Not since the Sony FS5 have my pants been so on fire for an ND filter.
For his upcoming snowy western Tarantino unearthed special cameras and 1.25x anamorphic lenses at Panavision which hadn’t seen the light of day since 1965.
The film was shot on 65mm film and will get a ‘Roadshow’ release on Christmas day in amazing 70mm.
Director, cinematographer and DSLR user Andrew Wonder talks to EOSHD about his latest anamorphic spot for G.E…
The technology behind the shoot is rather interesting. Two Sony F3 cameras mounted on the front of the train, remotely controlled and recording to e-sata drives in the control carriage, kitted out with Joe Dunton / Panavision anamorphic lenses from London.
Joe Dunton is a British Bafta winning camera equipment guy who has always held a great fascination with anamorphic lenses, and was one of Stanley Kubrick’s closest collaborators after A Clockwork Orange in the 70’s and provided Kubrick with his lenses on Eyes Wide Shut.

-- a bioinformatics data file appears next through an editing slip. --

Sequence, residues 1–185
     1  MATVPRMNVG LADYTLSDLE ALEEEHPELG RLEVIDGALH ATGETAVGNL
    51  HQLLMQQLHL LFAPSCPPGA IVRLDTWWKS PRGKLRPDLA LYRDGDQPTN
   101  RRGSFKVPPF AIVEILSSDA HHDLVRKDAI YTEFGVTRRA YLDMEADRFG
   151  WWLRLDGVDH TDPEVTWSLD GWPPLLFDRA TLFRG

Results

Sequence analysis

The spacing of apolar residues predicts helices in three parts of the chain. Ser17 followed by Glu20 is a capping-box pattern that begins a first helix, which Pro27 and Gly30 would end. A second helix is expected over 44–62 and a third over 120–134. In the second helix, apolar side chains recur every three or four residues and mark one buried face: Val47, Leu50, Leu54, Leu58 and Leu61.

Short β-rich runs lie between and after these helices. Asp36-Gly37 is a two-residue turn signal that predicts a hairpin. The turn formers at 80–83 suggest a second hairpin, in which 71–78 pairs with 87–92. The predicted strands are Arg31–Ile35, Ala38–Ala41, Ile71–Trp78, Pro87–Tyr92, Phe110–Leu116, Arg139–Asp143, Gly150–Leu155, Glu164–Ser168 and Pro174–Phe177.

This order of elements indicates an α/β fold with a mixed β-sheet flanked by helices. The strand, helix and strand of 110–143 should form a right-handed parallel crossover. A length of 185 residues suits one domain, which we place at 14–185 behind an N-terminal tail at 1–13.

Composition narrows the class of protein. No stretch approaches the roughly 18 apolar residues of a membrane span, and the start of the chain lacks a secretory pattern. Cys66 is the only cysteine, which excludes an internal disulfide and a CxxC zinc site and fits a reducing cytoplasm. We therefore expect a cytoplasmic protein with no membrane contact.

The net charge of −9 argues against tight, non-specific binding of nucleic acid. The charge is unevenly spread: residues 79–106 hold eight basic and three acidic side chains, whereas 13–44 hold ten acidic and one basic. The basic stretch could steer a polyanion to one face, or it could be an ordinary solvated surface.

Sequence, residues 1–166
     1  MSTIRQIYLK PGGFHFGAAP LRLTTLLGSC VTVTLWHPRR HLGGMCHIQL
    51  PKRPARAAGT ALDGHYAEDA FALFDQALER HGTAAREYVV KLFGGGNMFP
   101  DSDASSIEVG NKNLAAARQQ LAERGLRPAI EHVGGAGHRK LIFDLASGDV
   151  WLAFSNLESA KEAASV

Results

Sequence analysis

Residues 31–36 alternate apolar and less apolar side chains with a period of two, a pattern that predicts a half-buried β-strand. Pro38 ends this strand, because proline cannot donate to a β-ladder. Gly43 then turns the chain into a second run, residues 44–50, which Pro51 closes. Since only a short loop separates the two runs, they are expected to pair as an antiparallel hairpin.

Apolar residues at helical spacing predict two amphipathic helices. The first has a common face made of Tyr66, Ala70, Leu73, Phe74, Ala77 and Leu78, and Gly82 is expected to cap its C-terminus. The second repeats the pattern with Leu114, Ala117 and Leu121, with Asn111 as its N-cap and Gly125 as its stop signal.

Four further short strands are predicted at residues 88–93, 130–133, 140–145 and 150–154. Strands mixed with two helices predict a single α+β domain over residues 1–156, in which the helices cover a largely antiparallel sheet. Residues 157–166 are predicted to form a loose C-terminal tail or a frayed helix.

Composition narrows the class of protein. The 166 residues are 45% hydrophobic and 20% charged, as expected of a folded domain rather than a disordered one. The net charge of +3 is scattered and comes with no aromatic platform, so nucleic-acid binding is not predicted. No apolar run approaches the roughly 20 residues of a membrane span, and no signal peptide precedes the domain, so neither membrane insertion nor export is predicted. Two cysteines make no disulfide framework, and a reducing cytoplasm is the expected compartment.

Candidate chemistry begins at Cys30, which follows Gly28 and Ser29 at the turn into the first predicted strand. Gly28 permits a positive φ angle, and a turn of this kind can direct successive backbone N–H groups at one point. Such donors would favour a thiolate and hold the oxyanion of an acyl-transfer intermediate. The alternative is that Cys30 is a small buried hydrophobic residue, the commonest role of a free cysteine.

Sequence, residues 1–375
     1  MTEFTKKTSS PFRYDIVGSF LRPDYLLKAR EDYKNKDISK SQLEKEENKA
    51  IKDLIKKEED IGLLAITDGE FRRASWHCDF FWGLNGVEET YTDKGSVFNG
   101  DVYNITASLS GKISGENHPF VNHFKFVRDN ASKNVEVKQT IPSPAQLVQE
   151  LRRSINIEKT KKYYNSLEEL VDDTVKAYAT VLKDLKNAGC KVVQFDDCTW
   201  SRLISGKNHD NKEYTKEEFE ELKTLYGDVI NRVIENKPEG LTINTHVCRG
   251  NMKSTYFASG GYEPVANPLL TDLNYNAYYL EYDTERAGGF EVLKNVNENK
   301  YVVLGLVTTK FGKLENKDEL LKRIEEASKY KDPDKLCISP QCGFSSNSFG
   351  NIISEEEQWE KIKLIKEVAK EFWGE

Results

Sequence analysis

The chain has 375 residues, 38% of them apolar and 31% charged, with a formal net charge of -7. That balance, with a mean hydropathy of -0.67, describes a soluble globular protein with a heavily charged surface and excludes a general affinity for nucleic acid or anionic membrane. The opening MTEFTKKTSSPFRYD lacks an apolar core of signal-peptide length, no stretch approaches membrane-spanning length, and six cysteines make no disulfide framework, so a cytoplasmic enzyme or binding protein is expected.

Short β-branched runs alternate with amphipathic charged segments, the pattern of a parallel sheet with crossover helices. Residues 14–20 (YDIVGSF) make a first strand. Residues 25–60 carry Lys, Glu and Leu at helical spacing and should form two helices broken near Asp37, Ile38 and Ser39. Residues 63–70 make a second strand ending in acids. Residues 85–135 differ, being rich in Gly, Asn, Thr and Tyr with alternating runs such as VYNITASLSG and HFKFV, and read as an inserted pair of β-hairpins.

In May last year I reported that Pavavision were working with NASA’s Jet Propulsion Laboratory on sensor technology for a possible digital cinema camera. In a surprise unveling at the International Film Festival of the Art of Cinematography (Camerimage 2012) in Poland they have indeed signalled their intention to join the market and have shown the first fruits of their labour with a new prototype.
Aimed at bettering the Arri, Sony and Red. It has a huge by cinema standards 70mm sensor (similar in size to full frame 35mm).
Ground control to Major Tom – Today Panavision unveiled a new Dynamax sensor for the TV and scientific industries, which does 12bit 2K and 1080p with a global shutter. It turns out this sensor contains NASA developed technology from the US state funded Jet Propulsion Laboratory.